Diehards Stick With Koch-Backed Lobby Amid Corporate Exodus

(Bloomberg) -- Several tables sat empty -- salads untouched -- in the Washington ballroom as hundreds of lawmakers, lobbyists and others ate roasted chicken as a speaker blamed over-regulation for the nation’s lack of affordable housing.

“That’s why you see people out with all those tents,” Housing and Urban Development Secretary Ben Carson said.

Diehards Stick With Koch-Backed Lobby Amid Corporate Exodus

The American Legislative Exchange Council this week held its Washington policy summit a few blocks from the White House. Participants said it seemed smaller than in years past as the conservative lobby’s rejection of climate science and embrace of other conservative ideals prompted corporations to drop out to protect their reputations.

But some companies are sticking with the group, attracted by the influence it wields in statehouses through the “model” legislation it crafts with the aid of corporate lobbyists. Bills adopted by ALEC that have made their way into legislatures throughout the country include stand-your-ground gun laws and voter-ID requirements.

Companies that remain active in the group weigh the access they get to ALEC’s 2000 mostly Republican state legislature members against the risk of alienating American customers who don’t support those policies.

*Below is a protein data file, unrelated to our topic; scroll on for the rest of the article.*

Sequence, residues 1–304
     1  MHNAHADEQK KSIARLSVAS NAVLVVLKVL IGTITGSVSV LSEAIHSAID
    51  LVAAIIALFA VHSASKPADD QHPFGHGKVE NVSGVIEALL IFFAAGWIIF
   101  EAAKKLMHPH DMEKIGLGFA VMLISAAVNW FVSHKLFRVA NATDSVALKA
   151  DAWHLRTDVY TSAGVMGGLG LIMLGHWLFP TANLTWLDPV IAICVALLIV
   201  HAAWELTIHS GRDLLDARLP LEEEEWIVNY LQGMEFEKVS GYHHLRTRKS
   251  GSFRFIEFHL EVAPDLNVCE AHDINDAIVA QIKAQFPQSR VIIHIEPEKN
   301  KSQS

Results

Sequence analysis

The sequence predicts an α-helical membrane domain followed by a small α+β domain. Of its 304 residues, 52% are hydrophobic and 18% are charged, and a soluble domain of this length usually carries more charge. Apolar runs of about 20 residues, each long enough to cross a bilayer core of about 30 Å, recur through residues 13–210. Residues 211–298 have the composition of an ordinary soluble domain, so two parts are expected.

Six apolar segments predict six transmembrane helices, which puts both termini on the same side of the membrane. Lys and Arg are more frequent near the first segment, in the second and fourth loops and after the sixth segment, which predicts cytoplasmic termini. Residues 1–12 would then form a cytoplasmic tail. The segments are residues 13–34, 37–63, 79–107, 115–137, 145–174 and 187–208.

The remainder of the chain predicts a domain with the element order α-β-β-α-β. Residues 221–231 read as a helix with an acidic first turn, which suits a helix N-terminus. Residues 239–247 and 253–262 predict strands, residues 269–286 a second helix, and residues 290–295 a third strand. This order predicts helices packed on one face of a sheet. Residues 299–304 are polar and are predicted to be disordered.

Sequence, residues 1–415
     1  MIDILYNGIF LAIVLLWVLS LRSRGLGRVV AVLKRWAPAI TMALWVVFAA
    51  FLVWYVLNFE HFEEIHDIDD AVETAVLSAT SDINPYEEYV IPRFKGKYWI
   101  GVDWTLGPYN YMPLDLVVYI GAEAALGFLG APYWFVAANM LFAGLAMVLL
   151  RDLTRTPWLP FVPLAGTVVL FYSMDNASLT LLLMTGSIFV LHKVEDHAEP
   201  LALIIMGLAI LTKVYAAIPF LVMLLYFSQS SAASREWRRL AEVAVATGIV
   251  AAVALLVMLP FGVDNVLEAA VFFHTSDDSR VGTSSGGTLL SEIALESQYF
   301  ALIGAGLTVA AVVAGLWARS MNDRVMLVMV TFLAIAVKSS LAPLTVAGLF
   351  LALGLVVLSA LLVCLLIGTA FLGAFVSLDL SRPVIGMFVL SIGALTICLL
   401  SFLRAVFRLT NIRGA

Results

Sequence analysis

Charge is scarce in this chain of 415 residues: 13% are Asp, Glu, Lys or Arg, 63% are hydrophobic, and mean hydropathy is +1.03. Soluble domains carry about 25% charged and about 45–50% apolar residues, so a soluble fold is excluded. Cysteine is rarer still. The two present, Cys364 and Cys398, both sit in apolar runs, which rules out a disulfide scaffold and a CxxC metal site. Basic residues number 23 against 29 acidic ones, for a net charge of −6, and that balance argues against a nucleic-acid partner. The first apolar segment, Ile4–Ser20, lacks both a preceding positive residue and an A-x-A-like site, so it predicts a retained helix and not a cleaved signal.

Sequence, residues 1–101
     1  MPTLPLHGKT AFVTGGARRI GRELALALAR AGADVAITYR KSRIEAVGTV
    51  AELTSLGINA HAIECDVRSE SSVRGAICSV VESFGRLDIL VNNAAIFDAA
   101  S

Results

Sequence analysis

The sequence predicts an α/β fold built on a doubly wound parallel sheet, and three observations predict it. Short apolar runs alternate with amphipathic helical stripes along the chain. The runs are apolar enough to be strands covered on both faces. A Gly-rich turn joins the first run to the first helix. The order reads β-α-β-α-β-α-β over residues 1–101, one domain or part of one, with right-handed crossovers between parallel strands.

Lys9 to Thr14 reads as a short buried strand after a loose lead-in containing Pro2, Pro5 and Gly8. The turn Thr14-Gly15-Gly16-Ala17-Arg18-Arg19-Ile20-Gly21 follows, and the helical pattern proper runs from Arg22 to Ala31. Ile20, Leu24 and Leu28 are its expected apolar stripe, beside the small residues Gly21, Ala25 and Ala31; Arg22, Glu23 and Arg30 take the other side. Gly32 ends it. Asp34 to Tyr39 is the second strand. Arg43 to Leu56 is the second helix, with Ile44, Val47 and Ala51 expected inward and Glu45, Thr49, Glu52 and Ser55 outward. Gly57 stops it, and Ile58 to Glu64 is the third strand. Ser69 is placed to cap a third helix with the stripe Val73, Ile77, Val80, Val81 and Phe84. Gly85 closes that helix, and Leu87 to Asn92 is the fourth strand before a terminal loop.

“You have to take that into consideration,” Victoria King, a lobbyist for United Parcel Services Inc., said while standing in line at the buffet table.

ALEC doesn’t publicly disclose their private sector members, but named sponsors of the week’s events provide clues. They included pharmaceutical powerhouse Pfizer Inc., shipping giant FedEx Corp., as well as coal miner Peabody Energy Corp. Other sponsors included cable companies Charter Communications Inc. and Comcast Corp. Businesses listed on name tags at the event included coal company Alliance Resource Partners LP, and the Charles Koch Institute, which is backed by Koch Industries Inc. Chief Executive Officer Charles Koch.

Chris Rhodes, a director at Cooperative Energy Inc., an electric co-op, said the benefits of ALEC include a chance to learn what local legislators are hearing and curious about. But the company may be shielded from reputational damage because it isn’t a consumer brand.

“We’re a small company in Mississippi so we haven’t experienced any controversy,” Rhodes said.

The three-day meeting comes as ALEC has shed 113 corporate members, as well as 19 non-profits since 2012, according to the Center for Media and Democracy, a non-profit watch dog group that tracks ALEC. ALEC disputes the timing of those departures.

The exodus followed bad publicity for the organization over its support for stricter voter identification requirements and loosening gun restrictions, and then later for its opposition to renewable energy that led tech companies like Microsoft Corp. to depart.

Exxon Mobil Corp. left the group earlier this year over an ALEC resolution that declared climate change isn’t a risk -- a position the oil company rejects. And an inflammatory speech at the group’s meeting in New Orleans by right-wing activist David Horowitz, who the Southern Poverty Law Center identifies as “a driving force of the anti-Muslim, anti-immigrant and anti-black movements," fueled another round of departures including AT&T Inc.